Another distinctive feature of the decorations, also dedicated to women, is
a series of six black and gold silhouettes on shiny silver metal in niches
along the sides of the auditorium. Three figures on either side depict the
heights to which women have risen in the various epochs of the world�s history, culminating in Miss America, the modern girl. The other figures are of Latin, Greek, Egyptian, East Indian and Chinese girls.

The balcony is low and is gained by flights of easy steps. It alone will seat
more than 700 persons. Its promenade in the rear overlooks the foyer, looking down upon the specially manufactured rug, 26 by 46 feet, and upon the handsome marble fountain. Returning to the foyer we find other stairways leading down to a lower mezzanine, in which there are a combined lounge and smoking room, from which open rest rooms for men and women and a special cosmetics room.

The theatre is primarily intended for the presentation of motion pictures,
but its stage is capable of handling all sorts of theatrical presentations.
Its width and depth are augmented by the fact that the orchestra pit may be
raised to the stage level and formed into a stage apron. The organ console
is also on a lift and maybe brought up into full view of the audience. The
house is equipped with apparatus for the presentation of both Vitaphone and Movietone films.

The heating and cooling system is of the most modern construction. The atmosphere may be heated or cooled at will within a few minutes by forced draught. In the winter it will be cozy and will be kept at an even temperature throughout. In the summer, the ice plant will chill the air, making the theatre air any temperature that might be desired. Patrons will find these arrangements most charmingly comfortable.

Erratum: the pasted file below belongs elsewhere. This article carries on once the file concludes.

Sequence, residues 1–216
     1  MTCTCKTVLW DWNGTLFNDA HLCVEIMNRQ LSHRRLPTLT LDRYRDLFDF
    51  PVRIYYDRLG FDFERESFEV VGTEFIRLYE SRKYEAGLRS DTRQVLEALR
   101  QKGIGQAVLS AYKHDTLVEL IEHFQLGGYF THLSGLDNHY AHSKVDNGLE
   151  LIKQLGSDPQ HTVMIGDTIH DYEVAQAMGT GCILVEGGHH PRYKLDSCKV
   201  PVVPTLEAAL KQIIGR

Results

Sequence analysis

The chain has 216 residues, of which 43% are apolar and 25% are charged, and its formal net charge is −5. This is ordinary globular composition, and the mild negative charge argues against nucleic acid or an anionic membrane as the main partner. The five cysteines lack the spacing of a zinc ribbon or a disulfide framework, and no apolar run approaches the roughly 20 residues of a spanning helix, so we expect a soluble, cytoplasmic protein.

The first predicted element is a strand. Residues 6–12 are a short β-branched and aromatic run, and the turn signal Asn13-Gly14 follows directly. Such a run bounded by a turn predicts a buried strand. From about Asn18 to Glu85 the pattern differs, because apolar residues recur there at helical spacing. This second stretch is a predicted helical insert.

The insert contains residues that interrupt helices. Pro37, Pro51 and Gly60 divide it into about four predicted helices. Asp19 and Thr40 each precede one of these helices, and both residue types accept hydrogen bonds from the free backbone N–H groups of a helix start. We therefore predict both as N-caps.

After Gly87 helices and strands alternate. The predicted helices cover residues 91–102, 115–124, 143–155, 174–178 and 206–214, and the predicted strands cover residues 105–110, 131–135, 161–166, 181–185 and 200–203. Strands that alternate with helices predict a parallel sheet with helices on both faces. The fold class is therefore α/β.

Colored glass and metal work forms a large part of the decorative scheme of the theatre. The marquise on Chestnut Street is of colored glass and iron.
Booths for the two ticket sellers in the lobby are of hammered wrought metal with colored glass panels. The railings of the marble stairways are of beautifully wrought iron and bronze.

The theatre will seat 2500 persons, 1800 on the ground floor and 700 in the

The Boyd stands on a site of historic interest. For the third time it has
become a place of social activity. In 1830, Jacob Ridgeway built his mansion
there and it was the scene of many social functions for a generation in his
time and in the time of his daughter, Mrs. James Rush. Then, the mansion became part of the Aldine Hotel, long the home of many society folk and the stopping place for theatrical people. When that part of the Aldine was torn down a year ago, it was purchased as the site for the Boyd Theatre.